What Is a Slip Rating?
Slip rating tests the slip resistance levels of surfaces with appropriate testing methods in various conditions. They indicate the resistance rating that can be expected from these surfaces and therefore makes it easy to decide whether the tiles are suitable for surfaces such as bathrooms, or outdoor areas.
The Pendulum test determines the surfaces on a range from P0, indicating very high slip risk, hence not being suitable for outdoors at all, to P5 indicating very low slip risk and making it a safe choice to be used around pools.
Limestone vs Travertine Cost
The cost of Travertine compared to Limestone is an interesting topic. As Travertine and Limestone can come from many parts of the world, the cost will vary according to the country of origin and can differ quite significantly.
For example, Vein Cut Filled and Honed Italian Travertine is a premium product and will cost far more than say Cross Cut Tumbled Travertine from Turkey. Cross Cut is the most common cut for natural stone.
Cross Cut Tumbled Travertine from Turkey is a more affordable way of adding natural stone into your home, indoor and outdoor areas, and the swimming pool.
The Tumbled Travertine can come in a Tile, Paver, Pool Coping, and French Pattern. Depending on which format you select to use, the price will also vary.
What Else Affects the Cost?
The cost of Travertine and Limestone will also vary depending on the thickness of the stone tile or paver. In the same material, a tile will cost less than a paver. A French Pattern format is generally less expensive than a tile.
The block of stone that the tile is being cut from or the size of the tile can also affect the cost. A larger tile needs a larger block of stone which means fewer cuts and therefore fewer tiles per block.
Whereas a French Pattern set is made up of small and large size tiles and can be used from different blocks. Hence also the varying colours often found in French Patterns.
Reducing Price, Not Quality
If you are looking at using Travertine, ensure you do your research to determine the level or grade of Travertine you are purchasing. The varying levels and grades will also determine the price of the material. Lower-grade Travertine generally means a lower price to pay and often means lower quality, with significant holes.
Travertine has been a popular material used in Australian residential projects for decades. However, over the last few years, we have seen the trend move away from Travertine and more to Limestone.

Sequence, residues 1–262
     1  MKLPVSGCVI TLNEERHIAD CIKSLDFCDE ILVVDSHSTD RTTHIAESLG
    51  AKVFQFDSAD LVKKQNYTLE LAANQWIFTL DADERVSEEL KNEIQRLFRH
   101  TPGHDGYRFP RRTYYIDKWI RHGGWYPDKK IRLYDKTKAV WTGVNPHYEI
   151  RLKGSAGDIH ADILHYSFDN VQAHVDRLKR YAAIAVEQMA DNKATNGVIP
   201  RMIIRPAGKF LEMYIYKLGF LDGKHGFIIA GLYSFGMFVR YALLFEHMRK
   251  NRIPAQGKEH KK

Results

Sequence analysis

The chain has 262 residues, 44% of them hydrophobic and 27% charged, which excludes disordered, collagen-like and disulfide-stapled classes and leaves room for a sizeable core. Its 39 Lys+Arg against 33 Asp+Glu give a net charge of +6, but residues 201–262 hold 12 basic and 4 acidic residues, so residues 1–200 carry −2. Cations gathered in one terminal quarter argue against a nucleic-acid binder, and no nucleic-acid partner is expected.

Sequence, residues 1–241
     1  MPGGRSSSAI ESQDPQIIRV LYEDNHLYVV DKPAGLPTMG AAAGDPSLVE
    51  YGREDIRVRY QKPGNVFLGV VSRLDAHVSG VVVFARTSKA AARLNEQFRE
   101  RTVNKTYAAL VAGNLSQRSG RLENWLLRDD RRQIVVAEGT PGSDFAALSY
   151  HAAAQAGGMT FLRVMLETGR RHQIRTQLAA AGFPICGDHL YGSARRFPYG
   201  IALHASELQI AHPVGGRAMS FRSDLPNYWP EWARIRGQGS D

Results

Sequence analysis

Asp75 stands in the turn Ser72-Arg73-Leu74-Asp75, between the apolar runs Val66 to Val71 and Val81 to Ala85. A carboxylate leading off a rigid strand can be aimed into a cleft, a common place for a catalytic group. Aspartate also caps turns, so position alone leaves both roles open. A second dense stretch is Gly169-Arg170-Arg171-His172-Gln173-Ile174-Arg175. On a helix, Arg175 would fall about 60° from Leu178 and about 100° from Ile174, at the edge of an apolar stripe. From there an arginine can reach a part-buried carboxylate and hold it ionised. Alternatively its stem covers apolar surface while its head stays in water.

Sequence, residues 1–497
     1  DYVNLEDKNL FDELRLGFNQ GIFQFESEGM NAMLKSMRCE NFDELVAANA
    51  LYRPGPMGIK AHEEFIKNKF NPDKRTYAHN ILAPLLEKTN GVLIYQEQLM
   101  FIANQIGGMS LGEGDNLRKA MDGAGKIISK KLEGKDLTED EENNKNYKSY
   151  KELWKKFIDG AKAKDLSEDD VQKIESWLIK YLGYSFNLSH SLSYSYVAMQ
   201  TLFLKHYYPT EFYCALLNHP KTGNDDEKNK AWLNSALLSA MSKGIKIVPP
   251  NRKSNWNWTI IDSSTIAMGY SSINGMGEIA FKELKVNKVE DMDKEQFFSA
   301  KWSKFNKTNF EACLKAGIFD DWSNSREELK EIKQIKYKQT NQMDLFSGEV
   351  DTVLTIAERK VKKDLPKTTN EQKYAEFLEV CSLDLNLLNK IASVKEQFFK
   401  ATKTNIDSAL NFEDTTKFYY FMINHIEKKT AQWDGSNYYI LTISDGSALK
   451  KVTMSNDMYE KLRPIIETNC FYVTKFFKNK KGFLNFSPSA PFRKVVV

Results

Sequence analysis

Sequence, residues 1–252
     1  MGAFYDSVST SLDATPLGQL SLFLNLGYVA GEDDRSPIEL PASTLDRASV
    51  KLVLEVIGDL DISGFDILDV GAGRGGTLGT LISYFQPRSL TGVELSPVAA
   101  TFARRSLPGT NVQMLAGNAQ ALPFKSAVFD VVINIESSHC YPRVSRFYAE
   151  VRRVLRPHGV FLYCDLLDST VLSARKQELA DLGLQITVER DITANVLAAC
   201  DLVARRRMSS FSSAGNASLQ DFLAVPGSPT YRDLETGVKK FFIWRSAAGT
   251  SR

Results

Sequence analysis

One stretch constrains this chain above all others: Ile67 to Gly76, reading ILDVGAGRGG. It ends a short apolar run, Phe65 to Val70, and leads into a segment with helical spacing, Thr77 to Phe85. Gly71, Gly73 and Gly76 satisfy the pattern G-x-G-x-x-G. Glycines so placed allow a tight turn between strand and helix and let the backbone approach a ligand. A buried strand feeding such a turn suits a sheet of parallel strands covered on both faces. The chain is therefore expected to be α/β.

When comparing the price of Limestone and Travertine, other factors such as processing or the resulting final finish of the stone will also affect the price.
In summary, there is no direct answer as to whether Travertine or Limestone is more expensive. It all comes down to your preferred design, finish, and budget.
Talking to a natural stone specialist will help you find the stone that will fit your budget and meet your requirements.
Design: Created By Nature
With the naturally created design of all Limestone and Travertine, you can bring a unique one-of-a-kind aspect to your home.
What are the typical designs you can expect from Limestone and Travertine?
Many Limestones tiles and pavers are available in more neutral, white, and beige tones with subtle movements and fewer variations. The natural light and muted colours make it a popular choice in Australia since it fits the light coastal vibe.
If there is more dominant veining, it usually means the stone is harder and has undergone a more thorough process from Mother Nature.
Travertine tiles and pavers feature frequent naturally-occurring holes and veins. This, in combination with warmer colour notes with interesting patterns and variations, can make Travertine look richer and more organic.
Whether you are looking for more solid and neutral colours or more movement, veining, and natural variation, it all depends on your personal preference.
Limestone or Travertine can be the stone that meets your design preferences.
Limestone and Travertine tiles, pavers, and pool coping, are popular and the current winner of the contest depends on the seasonal trends. While Travertine is still popular, the current trend has been moving towards Limestone.
Because many Limestones tiles are light, beige, and neutral, they tend to be popular in coastal cities in Australia. While some people consider the little variations and more solid colours beautiful, others see those designs as boring.
In addition, as Limestone and Travertine both reflect heat, they stay cooler underfoot and therefore are a great choice for exterior use.
Travertine or Limestone tiles and pavers, that are darker in colour and features more veining, variation and interesting colours are popular in colder climates in Europe as well as edgy places that are looking for statement pieces such as Melbourne or Italy.
The Bottom Line
Limestone and Travertine tiles and pavers are great natural stones that enhance the value of your property, feel soft underfoot and bring a long-lasting premium touch to your home or project.
Some of the main differences between the two are that Travertine features naturally occurring holes that can, or don’t have to be, filled. While some Travertine is more affordable, expect to be pay a higher price for premium high-grade Travertine.
Limestones are popular because of their neutral, white, and beige colours with subtle movements and are well suited to beachy coastal designs popular among Australians.
What about you? Does the subtle Limestone spark your interest or are you looking for more statement pieces present in Travertine?
Contact us on 02 9666 9222 or email email@example.com to chat with one of our natural stone specialists to help you select the right material for your project.